The Signal

Serving the College since 1885

Tuesday August 16th

Reviews



(Photo courtesy of IMDb)

‘The Worst Person in the World’ is a unique but grounded approach to the messiness of relationships

In my quest to watch every movie nominated at this year’s Academy Awards, which premieres on Mar. 27, I decided to check out “The Worst Person in the World.” The Norwegian film is among the five movies nominated for best international feature film at this year’s Oscars. It is directed by Joachim Trier and was released in the United States on Feb. 4. “The Worst Person in the World” is a dark romantic comedy that follows Julie (Renate Reinsve), a young woman who is trying to understand who she is as she navigates through different relationships and careers. The film effectively portrays the many decisions we have to make in life and how commitment can be daunting. 

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(Photo courtesy of 20th Century Studios)

‘The King’s Man’ is a disappointing prequel that fails to save the franchise

The Kingsman franchise has not been doing too well recently. After the critical and commercial success of “Kingsmen: The Secret Service,” it seemed like this was going to be an exciting new franchise to watch out for. Then, with the overall disappointment of its sequel “Kingsmen: The Golden Circle,” people started to turn on the franchise. Now, director Matthew Vaughn looks to try a different approach with the newest film in the franchise — a prequel origin story for the organization, which hit theaters in December and was released on HBO Max and Hulu on Feb. 18.

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(Photo courtesy of Netflix)

‘Windfall’ review: Money or happiness?

Netflix’s newest thriller, “Windfall” is a story about three people, none of whom are given names. They are known only as Nobody (Jason Segel), CEO (Jesse Plemons), and Wife (Lily Collins). Directed by Charlie McDowell, and written by Justin Lader and Jason Segel, the story begins when Nobody, a generally gruff and unhappy but non-confrontational man, breaks into the CEO and Wife’s vacation house.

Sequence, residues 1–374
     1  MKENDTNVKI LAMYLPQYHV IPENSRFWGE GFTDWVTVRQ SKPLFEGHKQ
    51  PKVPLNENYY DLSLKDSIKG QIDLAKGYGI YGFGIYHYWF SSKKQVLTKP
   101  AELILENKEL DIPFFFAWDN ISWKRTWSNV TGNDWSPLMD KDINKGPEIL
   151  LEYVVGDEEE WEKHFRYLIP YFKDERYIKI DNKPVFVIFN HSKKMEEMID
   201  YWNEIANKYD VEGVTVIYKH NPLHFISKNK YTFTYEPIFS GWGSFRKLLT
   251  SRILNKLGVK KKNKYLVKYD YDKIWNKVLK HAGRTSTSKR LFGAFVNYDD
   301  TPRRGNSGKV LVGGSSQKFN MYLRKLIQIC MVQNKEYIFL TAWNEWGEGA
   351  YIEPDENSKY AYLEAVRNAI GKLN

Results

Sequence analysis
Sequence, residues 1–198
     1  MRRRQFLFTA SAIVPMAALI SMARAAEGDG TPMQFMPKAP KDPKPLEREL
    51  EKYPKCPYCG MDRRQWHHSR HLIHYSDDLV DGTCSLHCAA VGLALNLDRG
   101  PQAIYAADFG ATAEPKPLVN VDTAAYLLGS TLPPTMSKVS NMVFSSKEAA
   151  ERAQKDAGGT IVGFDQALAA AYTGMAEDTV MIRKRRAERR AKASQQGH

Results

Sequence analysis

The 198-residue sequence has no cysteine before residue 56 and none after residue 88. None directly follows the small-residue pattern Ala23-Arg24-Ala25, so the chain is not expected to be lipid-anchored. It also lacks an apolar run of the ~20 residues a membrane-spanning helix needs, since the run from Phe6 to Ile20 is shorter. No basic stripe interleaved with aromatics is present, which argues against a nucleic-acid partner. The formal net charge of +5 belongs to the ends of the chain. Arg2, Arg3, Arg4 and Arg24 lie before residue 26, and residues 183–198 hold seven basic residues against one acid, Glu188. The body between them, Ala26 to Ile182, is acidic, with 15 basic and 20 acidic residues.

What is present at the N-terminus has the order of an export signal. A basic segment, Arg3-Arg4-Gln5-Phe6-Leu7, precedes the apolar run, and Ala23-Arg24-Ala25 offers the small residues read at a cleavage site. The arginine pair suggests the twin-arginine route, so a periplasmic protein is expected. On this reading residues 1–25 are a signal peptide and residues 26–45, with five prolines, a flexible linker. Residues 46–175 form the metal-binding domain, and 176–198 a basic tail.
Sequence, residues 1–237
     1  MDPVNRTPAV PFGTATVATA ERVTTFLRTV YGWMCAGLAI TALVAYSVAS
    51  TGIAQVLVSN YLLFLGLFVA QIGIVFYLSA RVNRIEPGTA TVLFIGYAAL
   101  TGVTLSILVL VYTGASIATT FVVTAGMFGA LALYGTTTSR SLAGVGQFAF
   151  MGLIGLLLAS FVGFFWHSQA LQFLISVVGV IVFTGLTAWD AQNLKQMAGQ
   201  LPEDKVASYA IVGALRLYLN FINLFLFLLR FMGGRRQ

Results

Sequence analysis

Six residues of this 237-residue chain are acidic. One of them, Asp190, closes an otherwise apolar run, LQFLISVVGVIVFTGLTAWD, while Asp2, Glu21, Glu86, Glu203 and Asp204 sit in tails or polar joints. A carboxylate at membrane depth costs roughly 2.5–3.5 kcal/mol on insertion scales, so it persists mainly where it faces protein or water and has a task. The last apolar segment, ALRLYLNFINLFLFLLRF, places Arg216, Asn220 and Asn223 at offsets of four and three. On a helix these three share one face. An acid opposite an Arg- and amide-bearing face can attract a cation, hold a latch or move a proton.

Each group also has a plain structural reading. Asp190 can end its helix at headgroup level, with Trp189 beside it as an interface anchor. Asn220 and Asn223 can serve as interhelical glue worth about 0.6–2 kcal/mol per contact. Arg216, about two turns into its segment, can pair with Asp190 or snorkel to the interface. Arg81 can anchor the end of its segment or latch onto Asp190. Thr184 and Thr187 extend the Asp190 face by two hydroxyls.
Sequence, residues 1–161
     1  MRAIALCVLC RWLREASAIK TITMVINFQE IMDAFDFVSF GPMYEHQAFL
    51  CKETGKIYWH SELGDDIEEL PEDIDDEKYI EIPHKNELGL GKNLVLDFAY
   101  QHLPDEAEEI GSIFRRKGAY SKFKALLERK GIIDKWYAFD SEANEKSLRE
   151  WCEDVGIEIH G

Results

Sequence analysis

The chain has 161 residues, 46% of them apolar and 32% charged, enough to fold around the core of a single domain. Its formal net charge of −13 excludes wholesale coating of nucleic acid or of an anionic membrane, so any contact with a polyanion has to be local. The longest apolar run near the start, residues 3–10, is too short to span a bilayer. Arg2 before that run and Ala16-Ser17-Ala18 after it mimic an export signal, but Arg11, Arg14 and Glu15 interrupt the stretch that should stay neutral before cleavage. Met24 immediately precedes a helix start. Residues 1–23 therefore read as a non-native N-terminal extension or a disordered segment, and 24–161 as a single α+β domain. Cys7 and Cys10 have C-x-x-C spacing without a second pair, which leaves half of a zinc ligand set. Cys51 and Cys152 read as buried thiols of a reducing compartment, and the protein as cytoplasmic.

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(Photo courtesy of 20th Century Studios & Hulu)

‘Deep Water’ is a movie drowning in its shallow story

Believe it or not, “Deep Water” has actually been in development for close to a decade, with director Adrian Lyne signing on in 2013. It wasn’t until 2019 when things really started to get in motion, but unfortunately everything became sidelined due to the pandemic. The film would go on to be delayed three separate times, before finally releasing on March 18 of this year.

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(Photo courtesy of Walt Disney Studios & Pixar Animation Studios)

‘Turning Red’ is a fresh Pixar film about embracing your true colors

Pixar has been on a roll recently. The most popular animation studio in the world has been dominating the industry for years, proving time and time again why they’re so successful. Their newest and 25th animated film “Turning Red,” directed by Domee Shi, was just released on Disney+ on March 11, giving us another important story with beautiful animation. 

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(Photo courtesy of Netflix)

Even if you aren’t a fan of Kanye, ‘Jeen-yuhs: A Kanye Trilogy’ is a must watch

Just as its name implies, “Jeen-yuhs: A Kanye Trilogy” is a three-part documentary following the life and career of recording artist, fashion mogul and record producer, Ye, formerly known as Kanye West. Before stealing the microphone from Taylor Swift at the VMA awards, the viral Tweet storms or the ten number one albums, Ye was a young producer in Chicago hustling to make a name for himself as a rapper. Directing duo Coodie & Chike followed Ye throughout his nearly two-decade career and watched his ups and downs in his journey to become the successful icon he is today. The third and final act of “Jeen-yuhs: A Kanye Trilogy” released exclusively on Netflix on Mar. 2. 

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(Photo courtesy of IMDb)

‘The Hand of God’ is a unique but beautiful mix of comedy, tragedy

“The Hand of God” is an Italian film that was recently nominated for best international feature film at the Oscars. It was directed by Paolo Sorrentino and released in the United States on Dec. 1. The film is set in 1980s Naples and follows Fabietto, played by Filippo Scotti, a teenager who is trying to find his place in the world as he deals with sudden but drastic loss. “The Hand of God” is almost entirely in Italian, with only a few scenes including English dialogue. 

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